There is widespread agreement these days that Federal hiring is in need of repair. The criticisms abound: the process takes too long, is too complex, and often fails to produce quality candidates. The criticisms persist despite numerous efforts to reform hiring. Part of the problem is the “iron triangle” common to business processes; that is, there are inherent tensions among speed, cost, and quality, and in merit-based hiring, quality—which includes treating applicants fairly and identifying the best applicants—should not be treated as optional.
To address inefficiencies in Federal hiring, the Government has created a number of alternatives to the competitive hiring process. One of these is the direct-hire authority covered under 5 U.S.C. § 3304(a)(3) (herein referred to as §3304 DHA). This authority was established by the Homeland Security Act of 2002 and streamlines competitive service hiring procedures for positions in which critical hiring needs or severe shortages of candidates exist. In MSPB’s research brief Direct-Hire Authority Under 5 U.S.C. § 3304: Usage and Outcomes, we look at how §3304 DHA is being used and some of the results.
The good news is that there are many positive results. First, although usage of §3304 DHA has grown steadily since it was established in 2002, it accounts for a relatively small proportion of all competitive service appointments. The §3304 DHA has been used largely to fill positions where there is a critical hiring need or shortage of candidates, including medical, information technology, and acquisition occupations. So it appears that the authority is being used selectively, to supplement competitive hiring rather than replace it. Second, the demographics of §3304 DHA hires compare favorably with those hired through “regular” competitive service procedures in terms of race, ethnicity, and gender. Finally, Federal human resources (HR) representatives reported benefits such as improved applicant quality, improved timeliness, and increased satisfaction among hiring officials and new hires.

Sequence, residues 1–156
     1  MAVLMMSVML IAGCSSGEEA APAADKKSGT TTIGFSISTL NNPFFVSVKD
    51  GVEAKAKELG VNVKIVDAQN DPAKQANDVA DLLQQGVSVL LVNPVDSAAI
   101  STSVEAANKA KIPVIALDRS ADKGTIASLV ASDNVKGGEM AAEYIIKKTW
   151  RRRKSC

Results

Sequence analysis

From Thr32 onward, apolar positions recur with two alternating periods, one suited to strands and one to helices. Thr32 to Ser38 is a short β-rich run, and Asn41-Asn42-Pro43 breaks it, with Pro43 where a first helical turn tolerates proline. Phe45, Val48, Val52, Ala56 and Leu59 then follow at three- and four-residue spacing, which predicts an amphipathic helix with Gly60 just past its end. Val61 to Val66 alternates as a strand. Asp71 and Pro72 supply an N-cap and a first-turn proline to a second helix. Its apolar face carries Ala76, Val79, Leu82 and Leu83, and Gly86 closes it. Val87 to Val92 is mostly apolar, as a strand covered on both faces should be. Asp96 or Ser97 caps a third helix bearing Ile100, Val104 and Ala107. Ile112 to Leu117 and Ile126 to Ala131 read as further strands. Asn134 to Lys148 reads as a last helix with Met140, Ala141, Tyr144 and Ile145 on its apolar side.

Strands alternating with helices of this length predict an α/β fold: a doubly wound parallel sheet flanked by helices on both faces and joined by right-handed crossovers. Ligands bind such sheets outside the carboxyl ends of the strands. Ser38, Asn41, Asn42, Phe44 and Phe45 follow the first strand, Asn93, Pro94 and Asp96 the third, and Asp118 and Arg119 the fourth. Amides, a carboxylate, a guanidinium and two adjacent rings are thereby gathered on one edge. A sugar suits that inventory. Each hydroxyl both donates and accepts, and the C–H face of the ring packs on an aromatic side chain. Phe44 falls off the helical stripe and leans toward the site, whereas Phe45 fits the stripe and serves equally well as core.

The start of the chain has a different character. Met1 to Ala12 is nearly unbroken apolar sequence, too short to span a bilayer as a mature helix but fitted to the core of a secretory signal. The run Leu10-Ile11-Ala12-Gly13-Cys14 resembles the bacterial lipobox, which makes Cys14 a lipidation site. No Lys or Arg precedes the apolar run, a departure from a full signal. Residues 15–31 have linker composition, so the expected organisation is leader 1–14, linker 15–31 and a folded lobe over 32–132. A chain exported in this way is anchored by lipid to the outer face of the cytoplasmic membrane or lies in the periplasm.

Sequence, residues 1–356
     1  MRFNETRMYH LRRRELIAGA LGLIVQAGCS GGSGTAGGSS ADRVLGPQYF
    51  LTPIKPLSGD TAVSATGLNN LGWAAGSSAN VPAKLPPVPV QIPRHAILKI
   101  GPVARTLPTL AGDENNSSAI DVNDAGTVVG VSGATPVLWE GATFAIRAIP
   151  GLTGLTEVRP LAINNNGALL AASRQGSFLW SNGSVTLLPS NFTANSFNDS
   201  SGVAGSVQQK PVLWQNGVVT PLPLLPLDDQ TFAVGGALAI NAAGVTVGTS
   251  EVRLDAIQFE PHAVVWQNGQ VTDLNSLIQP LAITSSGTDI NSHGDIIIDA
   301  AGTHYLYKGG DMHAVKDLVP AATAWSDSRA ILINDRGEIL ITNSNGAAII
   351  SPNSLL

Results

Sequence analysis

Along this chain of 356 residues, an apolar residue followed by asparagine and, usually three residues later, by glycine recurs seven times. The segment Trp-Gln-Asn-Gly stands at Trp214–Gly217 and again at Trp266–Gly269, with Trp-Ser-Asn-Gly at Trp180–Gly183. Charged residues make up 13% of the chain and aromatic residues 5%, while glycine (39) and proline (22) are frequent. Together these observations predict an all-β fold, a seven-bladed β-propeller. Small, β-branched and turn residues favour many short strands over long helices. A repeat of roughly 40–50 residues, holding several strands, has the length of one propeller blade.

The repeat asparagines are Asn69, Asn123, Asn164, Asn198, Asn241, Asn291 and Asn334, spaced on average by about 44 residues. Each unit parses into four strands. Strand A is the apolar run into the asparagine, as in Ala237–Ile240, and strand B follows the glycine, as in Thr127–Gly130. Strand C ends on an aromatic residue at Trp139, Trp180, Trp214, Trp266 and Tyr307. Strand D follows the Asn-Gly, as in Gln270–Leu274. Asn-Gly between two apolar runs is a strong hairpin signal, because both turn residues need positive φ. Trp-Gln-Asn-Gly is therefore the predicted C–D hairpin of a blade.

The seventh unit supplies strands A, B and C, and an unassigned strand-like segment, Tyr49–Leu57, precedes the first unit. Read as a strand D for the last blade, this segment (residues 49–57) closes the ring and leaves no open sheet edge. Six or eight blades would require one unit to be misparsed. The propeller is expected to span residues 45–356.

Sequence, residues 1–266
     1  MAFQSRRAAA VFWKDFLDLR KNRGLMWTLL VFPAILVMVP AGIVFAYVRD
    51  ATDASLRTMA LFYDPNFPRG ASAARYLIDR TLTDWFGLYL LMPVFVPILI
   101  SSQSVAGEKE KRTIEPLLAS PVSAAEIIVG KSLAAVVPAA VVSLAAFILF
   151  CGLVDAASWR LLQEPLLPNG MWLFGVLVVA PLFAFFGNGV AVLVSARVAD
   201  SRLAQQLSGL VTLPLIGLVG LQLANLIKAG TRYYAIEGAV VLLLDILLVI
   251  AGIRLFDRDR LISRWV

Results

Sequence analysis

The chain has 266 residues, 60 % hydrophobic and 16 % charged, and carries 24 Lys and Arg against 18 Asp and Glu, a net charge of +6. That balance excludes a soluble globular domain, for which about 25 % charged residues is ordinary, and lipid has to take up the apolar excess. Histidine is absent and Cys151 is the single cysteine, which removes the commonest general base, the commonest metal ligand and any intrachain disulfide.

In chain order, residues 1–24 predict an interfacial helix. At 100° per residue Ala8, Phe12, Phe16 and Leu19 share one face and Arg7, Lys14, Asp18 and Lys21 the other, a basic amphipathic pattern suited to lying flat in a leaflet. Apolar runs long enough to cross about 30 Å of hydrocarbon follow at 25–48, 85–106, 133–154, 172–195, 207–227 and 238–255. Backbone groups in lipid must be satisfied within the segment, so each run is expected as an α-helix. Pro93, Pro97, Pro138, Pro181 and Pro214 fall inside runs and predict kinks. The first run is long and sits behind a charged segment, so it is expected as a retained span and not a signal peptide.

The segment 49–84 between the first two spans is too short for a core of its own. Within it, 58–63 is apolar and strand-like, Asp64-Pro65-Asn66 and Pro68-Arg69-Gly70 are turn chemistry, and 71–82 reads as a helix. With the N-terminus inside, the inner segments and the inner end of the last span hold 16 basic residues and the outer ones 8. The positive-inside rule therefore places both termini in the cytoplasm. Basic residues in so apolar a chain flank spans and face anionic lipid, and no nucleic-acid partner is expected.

The not-so-good news is that we may not all be on the same page about the role §3304 DHA plays in Federal hiring. As discussed in the brief, guidance from the Office of Personnel Management (OPM) indicates that while agencies should ensure applicants meet the qualification requirements, they should not assess for applicants’ level of qualifications. Rather, “agencies should assess applicants in the order in which the applications were received, and select any qualified applicant in an order that approximates order of receipt.” OPM officials stated that this guidance maintains objectivity in selection and reflects the statutory requirements that §3304 DHA be used only for critical hiring needs or a severe shortage of candidates, thus making hiring quickly extremely important.
On the other hand, agency responses to our inquiries seem to indicate that reaching high-quality candidates is an important goal when using §3304 DHA. Many agencies reported expanding recruitment efforts, implementing additional assessments, and doing more to draw distinctions among applicants. This suggests that agency satisfaction with §3304 DHA derives from, at least in part, a perceived ability to hire better-qualified candidates—not just the ability to hire qualified applicants quickly. So it appears that OPM and agencies may have different views of how to use §3304 DHA and its place among hiring flexibilities.
These differing views raise the question of whether direct-hire flexibilities should only be used for reasons of speed or scarcity or whether quality should also be a factor. This is a critical question facing Government policymakers. The research brief documents rapid growth in the number and use of direct-hire authorities not covered under §3304. This growth appears to demonstrate an underlying frustration with current competitive hiring procedures. If the growth and frustration continue, these other DHAs could become the primary means of hiring in some occupations or organizations. This reinforces the continued relevance of a 2006 MSPB recommendation that OPM, in consultation with Congress and stakeholders, develop a policy framework for hiring reform. That framework could address what outcomes can reasonably be expected from DHAs and how DHAs can best be used in conjunction with competitive hiring procedures.
James Tsugawa is the Acting Director of the Office of Policy and Evaluation with the U.S. Merit Systems Protection Board and has worked in the Federal human resources field for over 30 years.
This column was originally published in the U.S. Merit System Protection Board’s newsletter, Issues of Merit, and has been re-posted here with permission from the author. Visit www.mspb.gov/studies to read more of MSPB’s newsletters and studies on topics related to Federal human capital management, particularly findings and recommendations from their independent research.